RGCI - Proposed FAR Changes Loaded with More Contractor Requirements for Cyber Security

The FAR Council submitted a proposed rule amending FAR subparts, provisions, and clauses on October 3, 2023, to implement an Executive order on cyber threats, incident reporting, and information sharing for Federal contracts. This revision is being made to strengthen and standardize contractual requirements for cybersecurity across Federal agencies. The proposed rule also implements OMB Memorandum M-21-07 Completing the Transition to internet Protocol Version 6 (IPv6), dated November 19, 2020.

Major Changes in the Proposed Rule

The FAR 2.101 definition for “Information and communication technology (ICT)” has been updated to include additional examples such as telecommunications services, electronic media, Internet of Things (IoT), and operational technology, as well as revising the term “software” to “computer software.”

A new provision, FAR 52.239-AA Security Incident Reporting Representation, is proposed. This provision will require offerors to certify that they have submitted all security incident reports in a current, accurate, and complete manner.

A new clause, FAR 52.239-ZZ Incident and Threat Reporting and Incident Response Requirements for Products or Services Containing Information and Communications Technology is proposed. Additionally, FAR 52.244-6 Subcontracts for Commercial Products and Services has a proposed update to require higher-tier contractors to flow this clause down in commercial subcontracts. Subcontractors will be required to notify the prime Contractor/higher tier subcontractor within 8 hours of discovering a security incident.

In addition to the proposed provisions/clauses above, the proposed rule includes the following contractor requirements:

  • Develop and maintain a software bill of materials (SBOM) for any software used in the performance of the contract.
  • Cooperate by providing access to the Cybersecurity and Infrastructure Security Agency (CISA) engagement services as needed for threat hunting and incident response.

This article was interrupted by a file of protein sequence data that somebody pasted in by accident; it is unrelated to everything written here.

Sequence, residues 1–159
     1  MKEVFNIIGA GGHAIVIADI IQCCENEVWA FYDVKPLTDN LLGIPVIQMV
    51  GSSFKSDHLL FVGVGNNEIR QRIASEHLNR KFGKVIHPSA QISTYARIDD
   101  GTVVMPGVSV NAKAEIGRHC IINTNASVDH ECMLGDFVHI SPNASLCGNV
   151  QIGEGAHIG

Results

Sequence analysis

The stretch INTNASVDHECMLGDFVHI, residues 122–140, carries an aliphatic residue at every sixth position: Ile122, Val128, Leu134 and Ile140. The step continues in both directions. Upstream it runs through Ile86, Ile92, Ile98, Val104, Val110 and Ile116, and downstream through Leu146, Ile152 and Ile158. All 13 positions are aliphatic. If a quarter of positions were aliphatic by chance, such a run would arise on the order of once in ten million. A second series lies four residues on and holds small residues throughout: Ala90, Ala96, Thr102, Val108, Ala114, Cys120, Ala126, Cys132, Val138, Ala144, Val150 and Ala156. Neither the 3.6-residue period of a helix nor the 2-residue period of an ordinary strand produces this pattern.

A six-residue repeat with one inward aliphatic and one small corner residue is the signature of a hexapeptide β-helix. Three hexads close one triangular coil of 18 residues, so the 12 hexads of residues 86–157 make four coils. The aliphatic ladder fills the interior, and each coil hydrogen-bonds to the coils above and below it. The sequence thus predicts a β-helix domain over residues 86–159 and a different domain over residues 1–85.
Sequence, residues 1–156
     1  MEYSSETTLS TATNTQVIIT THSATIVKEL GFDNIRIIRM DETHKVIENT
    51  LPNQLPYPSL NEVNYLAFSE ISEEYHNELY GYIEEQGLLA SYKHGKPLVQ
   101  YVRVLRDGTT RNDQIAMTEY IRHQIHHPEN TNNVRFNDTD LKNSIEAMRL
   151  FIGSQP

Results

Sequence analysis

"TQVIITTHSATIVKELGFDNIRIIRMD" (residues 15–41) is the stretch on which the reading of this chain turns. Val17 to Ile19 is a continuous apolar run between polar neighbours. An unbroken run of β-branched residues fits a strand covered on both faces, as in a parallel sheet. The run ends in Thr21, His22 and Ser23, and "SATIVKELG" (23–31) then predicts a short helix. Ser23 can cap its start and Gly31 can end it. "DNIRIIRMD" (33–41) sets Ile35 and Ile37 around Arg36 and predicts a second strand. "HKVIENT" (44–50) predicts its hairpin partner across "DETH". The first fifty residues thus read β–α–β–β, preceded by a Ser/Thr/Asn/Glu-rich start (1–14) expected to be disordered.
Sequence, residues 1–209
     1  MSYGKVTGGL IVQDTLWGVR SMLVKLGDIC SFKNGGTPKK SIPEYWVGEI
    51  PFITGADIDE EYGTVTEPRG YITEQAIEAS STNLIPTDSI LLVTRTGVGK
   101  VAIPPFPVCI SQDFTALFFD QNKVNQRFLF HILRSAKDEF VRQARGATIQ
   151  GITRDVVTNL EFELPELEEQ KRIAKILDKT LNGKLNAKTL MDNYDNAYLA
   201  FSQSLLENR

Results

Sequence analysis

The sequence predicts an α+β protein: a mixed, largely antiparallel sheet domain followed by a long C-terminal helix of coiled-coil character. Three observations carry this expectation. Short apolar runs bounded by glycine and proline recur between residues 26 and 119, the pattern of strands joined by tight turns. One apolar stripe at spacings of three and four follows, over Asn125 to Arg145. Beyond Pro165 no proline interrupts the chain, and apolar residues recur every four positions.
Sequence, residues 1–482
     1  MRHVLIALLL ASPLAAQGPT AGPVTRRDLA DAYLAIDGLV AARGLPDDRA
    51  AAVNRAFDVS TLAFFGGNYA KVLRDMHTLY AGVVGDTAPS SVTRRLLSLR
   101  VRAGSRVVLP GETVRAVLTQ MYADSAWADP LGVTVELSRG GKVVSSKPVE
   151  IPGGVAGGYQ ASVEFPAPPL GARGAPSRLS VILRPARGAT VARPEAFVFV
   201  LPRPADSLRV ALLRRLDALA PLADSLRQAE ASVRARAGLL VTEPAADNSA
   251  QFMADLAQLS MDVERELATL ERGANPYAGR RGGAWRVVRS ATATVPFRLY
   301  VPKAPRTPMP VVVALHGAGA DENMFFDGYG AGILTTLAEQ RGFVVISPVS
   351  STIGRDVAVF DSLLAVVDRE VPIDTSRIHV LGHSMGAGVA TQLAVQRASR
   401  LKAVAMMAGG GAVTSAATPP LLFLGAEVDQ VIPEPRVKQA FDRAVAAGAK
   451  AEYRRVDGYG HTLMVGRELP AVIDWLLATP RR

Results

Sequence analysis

• Provide full access to applicable contractor information systems and personnel to CISA, the Federal Bureau of Investigation (FBI), and the contracting agency in response to a security incident reported by the contractor or identified by the Government.
  • Report security incidents and take actions to support incident response. Contractors operating in certain foreign countries may be subject to laws and regulations of those countries impacting the type of information or access that can be provided to the U.S. Government.
  • Immediately investigate the security incident and submit information via the CISA incident reporting portal within 8 hours of discovery, with updates every 72 hours until investigation or remediation activities are complete.

While some of the requirements in the proposed rule will have to be performed whether you have a cyber incident or not (e.g., certification, flow down to subcontractors, develop SBOM, etc.), contractors should ensure they have controls in place to prevent cyber incidents so they don’t have all the other reporting and access requirements.

Government Contractor Takeaways

Redstone recommends contractors begin developing a software bill of materials for any software used in performing contracts. In addition, contractors should ensure they have controls in place to prevent cyber-attacks. Redstone recommends companies assess their current information systems to ensure there are threat detection controls in place, such as multi-factor authentication including passwords, fingerprints, facial or voice recognition, employee access is limited on information systems, software, and operating systems are up to date, and a backup process is implemented in the event of a cyber-attack.

Contractors should develop and maintain an incident response plan, define roles, and include steps to resolve, document, and communicate a cyber incident efficiently and properly. Small businesses that don’t have information technology (IT) staff may need to obtain outside assistance to meet the requirements. 8 hours is not much time.

Comments to the proposed rule are due by December 4, 2023. The proposed rule includes questions that DoD, GSA, and NASA are requesting contractor input on (e.g., how should SBOMs be collected from contractors, challenges by contractors in developing SBOMs, concerns with providing CISA, FBI, or contracting agency full access to information, situations where a company cannot comply with the incident reporting due to foreign country laws, etc.). Redstone recommends contractors read the proposed rule and submit comments. It is rare that the FAR council requests input to specific areas vs. comments in general.